Manuscript Letter
Harriet Beecher Stowe
24 May 1856

Boston May 24 '56

  Lady Hatherton

Dear Madam

  This will introduce to all my friends, Mr. & Mrs. Webb, in whose success in your country I am greatly interested.

  Mrs. Webb is the daughter of a fugitive slave who secured her liberty by heroic effort before her birth. She was born in New Bedford, New England, and was subsequently sent to Cuba, where she passed the earlier years of her life in a convent. Having been endowed with an extraordinary genius for education she was induced to try the profession of a dramatic Reader and her success in this line is attested by hundreds of notices written by some of the most competent critics in this country. Her success has been so great that even Pro-Slavery Lyceums have broken through the prejudices of colour so far as to solicit her assistance in their courses. The season for readings having terminated in this country, she is induced to try success in England. Her reading of Uncle Tom's Cabin — which I dramatized expressly for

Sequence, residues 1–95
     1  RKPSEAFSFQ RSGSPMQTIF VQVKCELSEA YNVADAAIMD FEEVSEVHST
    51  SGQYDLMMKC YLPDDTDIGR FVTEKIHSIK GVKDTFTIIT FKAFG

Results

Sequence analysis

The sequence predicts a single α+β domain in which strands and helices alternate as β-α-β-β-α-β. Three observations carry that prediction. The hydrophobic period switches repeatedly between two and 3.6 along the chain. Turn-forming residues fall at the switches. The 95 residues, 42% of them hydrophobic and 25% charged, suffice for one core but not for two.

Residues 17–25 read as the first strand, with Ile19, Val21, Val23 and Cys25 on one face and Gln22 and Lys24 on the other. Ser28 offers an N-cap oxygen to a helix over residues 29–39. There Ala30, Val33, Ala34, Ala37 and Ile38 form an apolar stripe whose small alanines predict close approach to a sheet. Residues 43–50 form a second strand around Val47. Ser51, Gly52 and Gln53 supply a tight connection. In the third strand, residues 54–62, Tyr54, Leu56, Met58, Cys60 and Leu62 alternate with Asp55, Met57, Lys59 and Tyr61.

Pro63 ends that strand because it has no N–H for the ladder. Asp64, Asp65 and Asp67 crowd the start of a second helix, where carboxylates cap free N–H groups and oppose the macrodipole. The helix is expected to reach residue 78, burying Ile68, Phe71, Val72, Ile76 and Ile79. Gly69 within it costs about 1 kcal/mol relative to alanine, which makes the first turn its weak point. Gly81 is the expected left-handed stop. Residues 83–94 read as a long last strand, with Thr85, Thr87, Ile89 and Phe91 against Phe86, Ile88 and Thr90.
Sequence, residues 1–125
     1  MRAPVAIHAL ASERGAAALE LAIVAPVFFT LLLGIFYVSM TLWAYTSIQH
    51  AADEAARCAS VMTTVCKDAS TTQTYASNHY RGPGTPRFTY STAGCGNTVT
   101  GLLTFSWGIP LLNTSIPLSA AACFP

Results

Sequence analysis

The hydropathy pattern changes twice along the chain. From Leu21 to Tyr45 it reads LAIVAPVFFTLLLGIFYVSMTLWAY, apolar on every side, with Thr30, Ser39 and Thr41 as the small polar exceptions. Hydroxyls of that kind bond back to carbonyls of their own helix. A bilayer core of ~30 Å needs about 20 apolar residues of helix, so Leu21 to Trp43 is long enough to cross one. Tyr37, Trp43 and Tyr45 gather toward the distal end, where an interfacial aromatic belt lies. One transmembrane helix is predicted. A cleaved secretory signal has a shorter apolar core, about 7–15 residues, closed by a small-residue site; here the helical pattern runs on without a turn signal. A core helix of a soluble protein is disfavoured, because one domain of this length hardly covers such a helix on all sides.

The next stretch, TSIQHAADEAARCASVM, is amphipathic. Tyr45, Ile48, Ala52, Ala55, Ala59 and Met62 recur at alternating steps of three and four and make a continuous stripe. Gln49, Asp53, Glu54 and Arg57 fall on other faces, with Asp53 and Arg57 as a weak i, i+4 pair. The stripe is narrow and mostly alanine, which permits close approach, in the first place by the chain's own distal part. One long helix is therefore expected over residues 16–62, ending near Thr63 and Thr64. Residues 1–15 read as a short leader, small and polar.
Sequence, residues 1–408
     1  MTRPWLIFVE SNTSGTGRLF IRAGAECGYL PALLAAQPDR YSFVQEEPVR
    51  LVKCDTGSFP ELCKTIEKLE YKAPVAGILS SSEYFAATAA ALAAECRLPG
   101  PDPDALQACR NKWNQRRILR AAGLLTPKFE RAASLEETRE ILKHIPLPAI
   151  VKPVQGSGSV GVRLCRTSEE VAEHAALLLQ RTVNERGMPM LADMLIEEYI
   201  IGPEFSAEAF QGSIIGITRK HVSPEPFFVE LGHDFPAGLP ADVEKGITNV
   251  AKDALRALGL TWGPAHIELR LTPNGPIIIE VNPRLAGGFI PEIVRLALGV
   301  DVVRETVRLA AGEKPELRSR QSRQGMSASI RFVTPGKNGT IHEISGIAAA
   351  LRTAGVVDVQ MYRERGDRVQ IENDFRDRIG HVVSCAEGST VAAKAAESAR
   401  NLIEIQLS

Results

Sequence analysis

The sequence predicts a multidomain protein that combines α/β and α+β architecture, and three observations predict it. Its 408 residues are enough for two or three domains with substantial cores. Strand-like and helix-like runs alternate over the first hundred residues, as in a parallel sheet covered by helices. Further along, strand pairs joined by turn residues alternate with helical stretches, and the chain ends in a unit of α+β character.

her — has been pronounced unequaled.

  Mr. Webb also is a gentleman of talent and cultivation, and any assistance in kindness you may render them will be well bestowed as her success will benefit the Antislavery Cause by showing the talent which lies concealed in the race which she represents. And I take the greatest interest in their success both from personal friendship and for this reason. I feel the deepest interest in her success.

  Every new development of a talent or a prowess in this much depressed people is a new argument for us & helps the struggle in the right direction.

  From my knowledge of your interest in every good work I feel a confidence that you will if possible extend your patronage to these people, and I am sure that you cannot but be both surprised and gratified should you hear her.

Very truly yours,

H. B. Stowe


  Mr. Longfellow has been much pleased with Mrs. Webb's reading of his new poem — Hiawatha.